Americans are becoming increasingly critical of the way that our criminal justice system handles drug offenses and those who commit them. The nation’s prisons are full of non-violent drug offenders (disproportionately minorities) serving lengthy sentences. The public now seems to understand that drug abuse and addiction are public health epidemics, not criminal cases.
Here in New York, law enforcement agencies are now apparently fighting the war on drugs in ways that many see as a waste of time, money and resources – not to mention ethically dubious. According to a recent article in the New York Times, there have been at least four recent cases in which undercover officers approached suspected drug users to seek help buying drugs. When the users complied, they were arrested.
In one case, a 21-year-old heroin addict was approached by a female undercover officer while sitting at a McDonald’s. The officer gave the impression that she was an addict and would soon be going through withdrawal. She sought his help in buying heroin, and even supplied him with the money to pay for it. When he returned with the drugs, he was arrested and charged with felony drug-dealing. No officers went after the person who sold him the drugs.
In criminal law, the term “entrapment” refers to an illegal tactic in which law enforcement officers convince a person to commit a crime that they otherwise wouldn’t commit, then arrest and prosecute them for that crime. Entrapment is different than a sting operation, in which police officers pose as participants in a crime that the suspect was already attempting to commit (soliciting prostitution, for example).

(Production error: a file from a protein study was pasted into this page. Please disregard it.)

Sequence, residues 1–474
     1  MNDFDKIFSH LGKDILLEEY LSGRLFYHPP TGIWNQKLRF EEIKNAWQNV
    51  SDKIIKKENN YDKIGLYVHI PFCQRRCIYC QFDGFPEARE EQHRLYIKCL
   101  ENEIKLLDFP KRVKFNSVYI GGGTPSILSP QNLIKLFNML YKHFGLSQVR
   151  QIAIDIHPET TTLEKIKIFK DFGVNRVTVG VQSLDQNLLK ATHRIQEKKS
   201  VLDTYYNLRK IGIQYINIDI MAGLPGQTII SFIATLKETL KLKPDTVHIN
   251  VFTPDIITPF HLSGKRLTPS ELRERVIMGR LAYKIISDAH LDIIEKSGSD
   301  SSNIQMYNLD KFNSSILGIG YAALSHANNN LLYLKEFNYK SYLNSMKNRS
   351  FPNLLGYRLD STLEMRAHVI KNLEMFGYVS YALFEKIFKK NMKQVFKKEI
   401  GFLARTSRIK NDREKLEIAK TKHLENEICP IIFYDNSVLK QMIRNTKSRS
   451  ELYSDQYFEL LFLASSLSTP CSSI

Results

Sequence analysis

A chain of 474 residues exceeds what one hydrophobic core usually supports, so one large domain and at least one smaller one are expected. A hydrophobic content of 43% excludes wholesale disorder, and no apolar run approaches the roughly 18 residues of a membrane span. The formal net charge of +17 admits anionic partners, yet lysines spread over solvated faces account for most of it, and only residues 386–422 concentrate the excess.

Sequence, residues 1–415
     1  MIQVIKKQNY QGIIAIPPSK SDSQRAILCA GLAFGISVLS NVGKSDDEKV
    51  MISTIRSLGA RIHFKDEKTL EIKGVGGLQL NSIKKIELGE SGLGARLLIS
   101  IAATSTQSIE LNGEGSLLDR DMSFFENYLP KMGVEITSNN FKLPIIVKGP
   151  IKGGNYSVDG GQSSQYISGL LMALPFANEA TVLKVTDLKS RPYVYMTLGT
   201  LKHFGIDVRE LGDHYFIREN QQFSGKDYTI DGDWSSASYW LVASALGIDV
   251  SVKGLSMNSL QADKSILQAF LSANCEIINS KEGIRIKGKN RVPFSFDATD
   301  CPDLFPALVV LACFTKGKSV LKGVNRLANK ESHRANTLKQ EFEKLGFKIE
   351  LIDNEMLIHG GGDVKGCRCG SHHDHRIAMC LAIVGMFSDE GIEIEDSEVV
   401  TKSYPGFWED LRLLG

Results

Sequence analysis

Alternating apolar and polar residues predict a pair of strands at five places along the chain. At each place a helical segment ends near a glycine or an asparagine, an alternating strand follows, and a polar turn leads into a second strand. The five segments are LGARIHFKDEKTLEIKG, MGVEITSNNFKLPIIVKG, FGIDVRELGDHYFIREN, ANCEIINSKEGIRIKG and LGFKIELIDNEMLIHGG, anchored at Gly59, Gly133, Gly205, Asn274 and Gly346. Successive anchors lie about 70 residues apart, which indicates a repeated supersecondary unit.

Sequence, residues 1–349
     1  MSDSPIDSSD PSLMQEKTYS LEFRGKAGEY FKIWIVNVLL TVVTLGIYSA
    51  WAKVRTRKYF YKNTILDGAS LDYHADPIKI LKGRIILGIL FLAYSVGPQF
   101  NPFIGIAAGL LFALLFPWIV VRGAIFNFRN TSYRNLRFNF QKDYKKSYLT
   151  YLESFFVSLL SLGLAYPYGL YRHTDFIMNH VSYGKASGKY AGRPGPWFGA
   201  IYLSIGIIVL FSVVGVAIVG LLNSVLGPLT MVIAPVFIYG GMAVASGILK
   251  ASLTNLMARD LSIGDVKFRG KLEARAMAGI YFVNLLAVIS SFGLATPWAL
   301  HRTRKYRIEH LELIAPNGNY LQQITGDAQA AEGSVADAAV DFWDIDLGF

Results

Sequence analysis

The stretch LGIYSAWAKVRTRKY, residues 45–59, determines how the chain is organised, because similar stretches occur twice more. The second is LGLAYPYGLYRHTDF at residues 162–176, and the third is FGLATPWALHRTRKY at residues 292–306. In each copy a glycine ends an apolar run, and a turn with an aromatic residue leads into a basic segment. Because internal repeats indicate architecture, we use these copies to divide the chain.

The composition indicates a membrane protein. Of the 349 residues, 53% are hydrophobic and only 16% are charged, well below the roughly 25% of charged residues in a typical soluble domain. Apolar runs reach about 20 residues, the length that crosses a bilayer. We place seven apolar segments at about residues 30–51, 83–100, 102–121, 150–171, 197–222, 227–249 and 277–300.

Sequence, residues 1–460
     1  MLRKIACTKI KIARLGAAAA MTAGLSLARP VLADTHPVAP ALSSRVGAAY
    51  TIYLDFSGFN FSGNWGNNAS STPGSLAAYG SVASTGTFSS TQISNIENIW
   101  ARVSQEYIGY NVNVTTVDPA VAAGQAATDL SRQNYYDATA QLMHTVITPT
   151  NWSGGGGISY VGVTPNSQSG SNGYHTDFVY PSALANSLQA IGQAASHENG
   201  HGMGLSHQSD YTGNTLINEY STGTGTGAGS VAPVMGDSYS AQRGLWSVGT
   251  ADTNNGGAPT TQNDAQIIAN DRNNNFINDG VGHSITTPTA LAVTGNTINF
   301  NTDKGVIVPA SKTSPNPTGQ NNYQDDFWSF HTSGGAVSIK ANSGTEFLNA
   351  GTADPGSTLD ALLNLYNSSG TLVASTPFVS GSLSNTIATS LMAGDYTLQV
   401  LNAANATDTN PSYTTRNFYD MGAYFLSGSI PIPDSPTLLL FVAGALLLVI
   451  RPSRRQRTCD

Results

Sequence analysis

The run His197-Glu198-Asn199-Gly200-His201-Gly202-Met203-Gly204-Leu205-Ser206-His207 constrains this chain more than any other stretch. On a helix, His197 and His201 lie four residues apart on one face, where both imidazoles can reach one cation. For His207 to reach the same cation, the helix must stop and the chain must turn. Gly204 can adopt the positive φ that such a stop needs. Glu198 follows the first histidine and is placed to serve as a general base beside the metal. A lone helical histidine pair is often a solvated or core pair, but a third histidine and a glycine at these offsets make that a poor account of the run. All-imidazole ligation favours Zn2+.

It is difficult for defendants to successfully argue that they were victims of entrapment, but cases like this certainly seem to fit the description. In the cases reviewed, undercover officers:
- Made initial contact with the defendants
- Proposed the crime to be committed
- Supplied defendants with money and other resources to carry out the crime
- Arrested only the suspect immediately involved and failed to go after the actual drug dealers higher up the supply chain
Thankfully, three of the defendants interviewed by the Times had been acquitted in jury trials, and the jury was deadlocked in the case of the fourth. But how many similar cases have ended in plea deals or convictions? How much taxpayer money has been spent pursuing and prosecuting low-level addicts?
If you have been charged with a drug crime or any other offense, it is important to understand that you have rights, and that those rights may have been violated. Before deciding to plead guilty, please discuss your case with an experienced criminal defense attorney.